You might think that people seeking to cheat on their spouses would use strong passwords. But no.
Accounts exposed in the hack of Ashley Madison, a website for would-be cheaters, had passwords that were just as weak as the rest of the internet, according to research group that cracked the encryption on 11.7 million of them. The top three: 123456, 12345, and password.
Here are the most common passwords found by the group, which goes by the name CynoSure Prime:
The 11.7 million passwords cracked by CynoSure Prime account for about a third of the 36 million Ashley Madison accounts that were dumped on the internet last month. The researchers said they focused on the passwords on a subset of 15 million accounts that used a form of encryption that can be cracked with relative speed. “We crack passwords in gradual increasing complexity,” they said, “so it is normal that we have recovered most of the simpler ones first.”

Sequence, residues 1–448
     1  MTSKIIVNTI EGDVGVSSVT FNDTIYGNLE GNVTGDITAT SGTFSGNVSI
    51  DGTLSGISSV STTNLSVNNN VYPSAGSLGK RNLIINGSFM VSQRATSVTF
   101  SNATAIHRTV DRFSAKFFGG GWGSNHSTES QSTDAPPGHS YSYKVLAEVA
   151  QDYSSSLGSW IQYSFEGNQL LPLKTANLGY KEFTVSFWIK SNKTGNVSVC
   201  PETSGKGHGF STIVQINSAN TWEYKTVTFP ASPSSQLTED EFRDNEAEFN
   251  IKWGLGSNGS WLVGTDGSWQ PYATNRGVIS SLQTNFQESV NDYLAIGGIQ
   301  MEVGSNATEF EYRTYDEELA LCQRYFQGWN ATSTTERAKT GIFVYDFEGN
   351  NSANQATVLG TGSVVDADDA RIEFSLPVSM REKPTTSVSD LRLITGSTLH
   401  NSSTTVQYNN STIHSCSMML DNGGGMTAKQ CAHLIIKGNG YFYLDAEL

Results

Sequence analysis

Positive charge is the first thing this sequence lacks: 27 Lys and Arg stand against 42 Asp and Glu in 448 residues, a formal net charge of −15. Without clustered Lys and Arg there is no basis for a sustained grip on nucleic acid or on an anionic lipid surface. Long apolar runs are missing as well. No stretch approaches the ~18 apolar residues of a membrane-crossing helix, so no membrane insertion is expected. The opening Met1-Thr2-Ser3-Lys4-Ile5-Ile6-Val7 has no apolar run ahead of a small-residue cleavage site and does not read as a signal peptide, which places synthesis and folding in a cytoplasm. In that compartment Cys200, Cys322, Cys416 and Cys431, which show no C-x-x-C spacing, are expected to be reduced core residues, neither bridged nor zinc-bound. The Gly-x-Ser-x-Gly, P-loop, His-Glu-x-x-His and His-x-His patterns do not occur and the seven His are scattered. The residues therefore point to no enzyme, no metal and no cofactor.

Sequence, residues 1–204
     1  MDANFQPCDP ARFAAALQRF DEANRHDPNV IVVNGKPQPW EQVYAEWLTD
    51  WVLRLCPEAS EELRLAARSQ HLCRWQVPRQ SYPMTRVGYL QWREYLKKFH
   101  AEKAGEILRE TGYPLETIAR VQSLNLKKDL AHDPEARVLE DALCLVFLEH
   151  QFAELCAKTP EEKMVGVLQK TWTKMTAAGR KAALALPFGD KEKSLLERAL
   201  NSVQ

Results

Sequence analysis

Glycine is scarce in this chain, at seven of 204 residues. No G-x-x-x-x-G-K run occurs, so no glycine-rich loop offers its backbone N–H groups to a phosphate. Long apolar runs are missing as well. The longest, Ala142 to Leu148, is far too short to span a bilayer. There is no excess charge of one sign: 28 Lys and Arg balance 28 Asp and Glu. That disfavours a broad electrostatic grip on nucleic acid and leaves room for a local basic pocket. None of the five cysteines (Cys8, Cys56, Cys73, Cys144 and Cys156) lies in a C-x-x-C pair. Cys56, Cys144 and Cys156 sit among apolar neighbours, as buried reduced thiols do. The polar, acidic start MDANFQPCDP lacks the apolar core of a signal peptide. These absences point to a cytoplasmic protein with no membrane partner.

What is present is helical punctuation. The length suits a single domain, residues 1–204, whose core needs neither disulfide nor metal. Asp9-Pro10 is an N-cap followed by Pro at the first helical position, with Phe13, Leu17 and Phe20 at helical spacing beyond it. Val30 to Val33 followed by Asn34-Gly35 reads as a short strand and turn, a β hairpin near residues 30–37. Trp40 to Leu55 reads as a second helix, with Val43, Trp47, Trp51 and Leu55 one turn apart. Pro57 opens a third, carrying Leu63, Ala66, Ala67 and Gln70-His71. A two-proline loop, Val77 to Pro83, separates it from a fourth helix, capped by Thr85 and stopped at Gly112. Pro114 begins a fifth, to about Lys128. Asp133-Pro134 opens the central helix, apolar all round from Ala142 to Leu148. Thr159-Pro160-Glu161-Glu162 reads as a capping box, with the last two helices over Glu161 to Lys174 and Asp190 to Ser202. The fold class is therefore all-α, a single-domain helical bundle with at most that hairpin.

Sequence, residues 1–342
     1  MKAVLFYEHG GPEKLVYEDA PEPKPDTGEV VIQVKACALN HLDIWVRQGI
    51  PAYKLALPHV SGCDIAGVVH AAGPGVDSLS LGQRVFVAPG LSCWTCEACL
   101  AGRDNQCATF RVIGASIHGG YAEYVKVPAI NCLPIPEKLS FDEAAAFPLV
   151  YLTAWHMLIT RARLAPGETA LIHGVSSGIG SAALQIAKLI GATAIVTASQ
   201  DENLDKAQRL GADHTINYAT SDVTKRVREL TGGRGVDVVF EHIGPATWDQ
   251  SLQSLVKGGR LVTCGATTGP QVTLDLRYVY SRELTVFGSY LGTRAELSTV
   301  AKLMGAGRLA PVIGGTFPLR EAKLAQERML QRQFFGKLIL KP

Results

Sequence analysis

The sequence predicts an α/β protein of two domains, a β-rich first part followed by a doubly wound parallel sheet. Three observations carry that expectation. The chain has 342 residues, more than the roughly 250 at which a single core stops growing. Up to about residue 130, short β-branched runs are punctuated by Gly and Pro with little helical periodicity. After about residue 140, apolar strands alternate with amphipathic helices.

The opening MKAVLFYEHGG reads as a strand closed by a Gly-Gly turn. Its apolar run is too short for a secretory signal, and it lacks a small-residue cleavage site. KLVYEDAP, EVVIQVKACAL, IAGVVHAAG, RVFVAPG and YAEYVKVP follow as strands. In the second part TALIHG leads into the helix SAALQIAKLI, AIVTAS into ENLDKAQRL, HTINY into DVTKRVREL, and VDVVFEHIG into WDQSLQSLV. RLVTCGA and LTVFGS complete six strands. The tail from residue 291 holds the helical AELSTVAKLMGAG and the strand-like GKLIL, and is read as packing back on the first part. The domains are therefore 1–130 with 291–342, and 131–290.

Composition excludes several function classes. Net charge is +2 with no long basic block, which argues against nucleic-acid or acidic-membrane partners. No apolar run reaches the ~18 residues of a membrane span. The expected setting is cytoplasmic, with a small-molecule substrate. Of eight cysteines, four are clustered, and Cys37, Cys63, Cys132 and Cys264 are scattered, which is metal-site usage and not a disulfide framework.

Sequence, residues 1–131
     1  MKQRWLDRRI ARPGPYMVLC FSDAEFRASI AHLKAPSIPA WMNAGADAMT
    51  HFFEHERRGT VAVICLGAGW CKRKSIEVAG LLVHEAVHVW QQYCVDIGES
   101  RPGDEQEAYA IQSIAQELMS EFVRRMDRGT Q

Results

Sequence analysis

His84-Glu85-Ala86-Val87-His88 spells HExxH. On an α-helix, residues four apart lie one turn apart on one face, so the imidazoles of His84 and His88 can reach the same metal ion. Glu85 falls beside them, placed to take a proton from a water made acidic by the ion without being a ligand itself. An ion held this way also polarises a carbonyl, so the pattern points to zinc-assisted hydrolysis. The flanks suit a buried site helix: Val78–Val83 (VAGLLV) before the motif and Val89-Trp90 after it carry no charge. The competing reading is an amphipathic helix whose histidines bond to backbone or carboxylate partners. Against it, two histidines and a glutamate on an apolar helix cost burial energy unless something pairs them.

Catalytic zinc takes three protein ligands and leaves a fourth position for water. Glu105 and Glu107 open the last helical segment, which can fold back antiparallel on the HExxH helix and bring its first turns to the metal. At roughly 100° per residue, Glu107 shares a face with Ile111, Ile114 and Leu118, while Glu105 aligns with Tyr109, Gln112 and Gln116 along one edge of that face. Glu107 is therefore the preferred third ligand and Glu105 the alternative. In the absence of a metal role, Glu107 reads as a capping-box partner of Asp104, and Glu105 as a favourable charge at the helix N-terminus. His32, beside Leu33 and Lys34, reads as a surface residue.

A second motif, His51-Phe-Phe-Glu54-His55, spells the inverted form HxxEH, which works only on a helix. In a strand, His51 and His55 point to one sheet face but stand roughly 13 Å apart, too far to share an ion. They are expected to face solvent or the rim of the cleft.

Strong passwords should contain a mix of lowercase letters, capital letters, numbers, and symbols. Yet nearly 5 million of the 11.7 million passwords contained only lowercase letters:
Some users with passwords like “correcthorsebatterystaple” and “batteryhorsestaple” appeared to be trying to follow the sage advice of this xkcd comic a bit too literally:
The researchers also highlighted some passwords that didn’t make the top 100 but were nevertheless noteworthy, like ones suggesting that some users had doubts about their activities: